24. Hwang HS, Kwon IS, Park BJ, Cho B, Yoon JL, Won CW. The validity and reliability of Korean frailty index. J Korean Geriatr Soc 2010;14:191–202.
25. Nasreddine ZS, Phillips NA, Bedirian V, Charbonneau S, Whitehead V, Collin I, et al. The Montreal Cognitive Assessment, MoCA: a brief screening tool for mild cognitive impairment. J Am Geriatr Soc 2005;53:695–699. PMID: 15817019.
crossref pmid
26. Lee JY, Lee DW, Cho SJ, Na DL, Jeon HJ, Kim SK, et al. Brief screening for mild cognitive impairment in elderly outpatient clinic: validation of the Korean version of the Montreal Cognitive Assessment. J Geriatr Psychiatry Neurol 2008;21:104–110. PMID: 18474719.
crossref pmid
27. Auyeung TW, Lee JS, Kwok T, Woo J. Physical frailty predicts future cognitive decline: a four-year prospective study in 2737 cognitively normal older adults. J Nutr Health Aging 2011;15:690–694. PMID: 21968866.
crossref pmid
28. Lojko D, Palys W, Czajkowska A, Wieczorowska-Tobis K, Lukasik S, Gorna K, et al. Association of cognitive performance with the physical activity and body mass index in middle-aged and older rural inhabitants. Eur Rev Med Pharmacol Sci 2014;18:3645–3652. PMID: 25535135.
29. Buchman AS, Schneider JA, Leurgans S, Bennett DA. Physical frailty in older persons is associated with Alzheimer disease pathology. Neurology 2008;71:499–504. PMID: 18695161.
crossref pmid pmc
30. Mezuk B, Edwards L, Lohman M, Choi M, Lapane K. Depression and frailty in later life: a synthetic review. Int J Geriatr Psychiatry 2012;27:879–892. PMID: 21984056.
crossref pmid
31. Lee RS, Hermens DF, Porter MA, Redoblado-Hodge MA. A meta-analysis of cognitive deficits in first-episode Major Depressive Disorder. J Affect Disord 2012;140:113–124. PMID: 22088608.
crossref pmid
32. Rosano C, Marsland AL, Gianaros PJ. Maintaining brain health by monitoring inflammatory processes: a mechanism to promote successful aging. Aging Dis 2012;3:16–33. PMID: 22500269.
33. Roubenoff R, Roubenoff RA, Cannon JG, Kehayias JJ, Zhuang H, Dawson-Hughes B, et al. Rheumatoid cachexia: cytokine-driven hypermetabolism accompanying reduced body cell mass in chronic inflammation. J Clin Invest 1994;93:2379–2386. PMID: 8200971.
crossref pmid pmc
34. Ershler WB, Keller ET. Age-associated increased interleukin-6 gene expression, late-life diseases, and frailty. Annu Rev Med 2000;51:245–270. PMID: 10774463.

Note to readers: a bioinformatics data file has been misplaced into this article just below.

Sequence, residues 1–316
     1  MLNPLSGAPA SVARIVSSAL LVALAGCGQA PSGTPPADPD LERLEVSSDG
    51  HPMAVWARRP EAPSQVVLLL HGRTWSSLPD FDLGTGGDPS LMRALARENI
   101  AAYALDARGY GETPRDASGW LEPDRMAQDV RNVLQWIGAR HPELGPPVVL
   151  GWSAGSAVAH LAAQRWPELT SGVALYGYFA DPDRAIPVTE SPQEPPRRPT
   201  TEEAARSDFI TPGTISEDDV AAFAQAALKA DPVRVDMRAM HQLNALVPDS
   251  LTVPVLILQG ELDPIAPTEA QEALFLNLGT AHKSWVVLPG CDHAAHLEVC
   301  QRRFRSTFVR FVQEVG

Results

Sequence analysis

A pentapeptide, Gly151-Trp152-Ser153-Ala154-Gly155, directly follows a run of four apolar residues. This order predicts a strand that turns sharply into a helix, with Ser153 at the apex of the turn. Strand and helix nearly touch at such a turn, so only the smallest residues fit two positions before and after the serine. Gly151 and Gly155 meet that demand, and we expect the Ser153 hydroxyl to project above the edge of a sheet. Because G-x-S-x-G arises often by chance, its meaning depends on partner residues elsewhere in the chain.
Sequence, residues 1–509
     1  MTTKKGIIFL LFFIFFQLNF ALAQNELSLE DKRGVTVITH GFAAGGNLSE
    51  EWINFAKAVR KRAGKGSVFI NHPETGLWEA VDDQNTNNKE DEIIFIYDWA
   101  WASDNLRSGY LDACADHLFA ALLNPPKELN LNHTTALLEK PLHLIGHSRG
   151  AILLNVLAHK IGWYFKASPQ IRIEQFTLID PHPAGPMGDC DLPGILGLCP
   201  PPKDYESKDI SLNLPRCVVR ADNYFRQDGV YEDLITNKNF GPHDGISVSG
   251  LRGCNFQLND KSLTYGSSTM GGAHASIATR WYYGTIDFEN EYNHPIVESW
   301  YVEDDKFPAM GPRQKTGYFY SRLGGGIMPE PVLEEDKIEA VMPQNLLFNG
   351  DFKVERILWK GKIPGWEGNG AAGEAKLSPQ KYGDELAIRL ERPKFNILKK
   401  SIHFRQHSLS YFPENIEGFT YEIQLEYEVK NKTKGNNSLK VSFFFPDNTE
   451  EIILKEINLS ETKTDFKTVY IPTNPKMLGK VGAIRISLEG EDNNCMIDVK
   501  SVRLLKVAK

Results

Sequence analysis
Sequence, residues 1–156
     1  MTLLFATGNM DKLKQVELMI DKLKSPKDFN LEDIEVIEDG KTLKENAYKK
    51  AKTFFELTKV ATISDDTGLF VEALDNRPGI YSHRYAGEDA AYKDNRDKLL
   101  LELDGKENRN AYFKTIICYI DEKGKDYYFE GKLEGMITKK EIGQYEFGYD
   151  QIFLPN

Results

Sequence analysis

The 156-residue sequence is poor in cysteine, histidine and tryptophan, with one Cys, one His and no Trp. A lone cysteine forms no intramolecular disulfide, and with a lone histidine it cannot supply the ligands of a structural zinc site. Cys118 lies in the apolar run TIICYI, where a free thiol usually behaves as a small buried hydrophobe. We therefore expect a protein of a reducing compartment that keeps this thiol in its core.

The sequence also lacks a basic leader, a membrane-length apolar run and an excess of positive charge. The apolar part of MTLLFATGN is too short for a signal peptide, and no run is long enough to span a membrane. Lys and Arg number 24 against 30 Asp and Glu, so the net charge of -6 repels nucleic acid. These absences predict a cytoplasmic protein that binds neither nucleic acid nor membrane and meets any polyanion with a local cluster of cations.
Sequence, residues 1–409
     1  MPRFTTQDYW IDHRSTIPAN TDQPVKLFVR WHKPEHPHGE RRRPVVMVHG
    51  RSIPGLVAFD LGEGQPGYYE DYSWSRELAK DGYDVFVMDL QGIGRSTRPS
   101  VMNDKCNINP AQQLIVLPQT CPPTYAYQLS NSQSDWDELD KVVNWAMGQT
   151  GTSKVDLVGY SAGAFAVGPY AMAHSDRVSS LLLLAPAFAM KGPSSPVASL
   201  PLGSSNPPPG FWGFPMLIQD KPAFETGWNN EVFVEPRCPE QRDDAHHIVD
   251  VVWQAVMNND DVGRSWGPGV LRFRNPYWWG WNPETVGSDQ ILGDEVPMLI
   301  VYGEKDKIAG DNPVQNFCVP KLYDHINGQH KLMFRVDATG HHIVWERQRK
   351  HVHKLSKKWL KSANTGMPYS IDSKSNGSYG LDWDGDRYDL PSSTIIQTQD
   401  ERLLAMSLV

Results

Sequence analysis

crossref pmid
35. Banks WA, Farr SA, Morley JE. Entry of blood-borne cytokines into the central nervous system: effects on cognitive processes. Neuroimmunomodulation 2002-2003;10:319–327. PMID: 12907838.
36. Stamatovic SM, Keep RF, Andjelkovic AV. Brain endothelial cell-cell junctions: how to “open” the blood brain barrier. Curr Neuropharmacol 2008;6:179–192. PMID: 19506719.
crossref pmid pmc
37. Perry VH. Contribution of systemic inflammation to chronic neurodegeneration. Acta Neuropathol 2010;120:277–286. PMID: 20644946.
crossref pmid
38. Nourhashemi F, Andrieu S, Gillette-Guyonnet S, Reynish E, Albarede JL, Grandjean H, et al. Is there a relationship between fat-free soft tissue mass and low cognitive function?: results from a study of 7,105 women. J Am Geriatr Soc 2002;50:1796–1801. PMID: 12410897.
crossref pmid
Figure 1

The study subject selection process.

Table 1

Baseline characteristics of the study subjects according to cognitive function (n=121)


Values are presented as number (%), unless otherwise indicated.

*From Pearson chi-square test or Fisher's exact test. Calculated as weight in kilograms divided by height in meters. Hypertension, diabetes mellitus, osteoarthritis, osteoporosis, coronary artery disease, heart failure, arrhythmia, chronic obstructive pulmonary disease, cancer, Alzheimer disease, thyroid disease. §Antihypertensives, diabetes mellitus medications, tranquilizers, antidepressants, dementia medications, analgesics, antihistamines, vasodilators, vasoconstrictors, bisphosphonates, selective estrogen receptor modulators, opioids, herb medications. Defined as at least 5 kg loss in previous 6 months.

Table 2

Factors related to frailty of the study subjects according to cognitive function (MoCA-K)


Values are presented as number (%), unless otherwise indicated.

MoCA-K, Montreal Cognitive Assessment-Korean version.

*From Pearson chi-square test or Fisher's exact test. Estimated by short physical performance battery protocol. Defined as exercising until one gets sweaty.

Table 3

Multivariate linear regression to assess how MoCA-K scores vary with the level of the factors related to frailty


MoCA-K, Montreal Cognitive Assessment-Korean version.

*From Pearson chi-square test. Walking velocity was put in by points estimated by short physical performance battery protocol.


Browse all articles >

Editorial Office
Room 2003, Gwanghwamun Officia, 92 Saemunan-ro, Jongno-gu, Seoul 03186, Korea
Tel: +82-2-3210-1537    Tax: +82-2-3210-1538    E-mail: kjfm@kafm.or.kr                

Copyright © 2022 by Korean Academy of Family Medicine.

Developed in M2PI

Close layer
prev next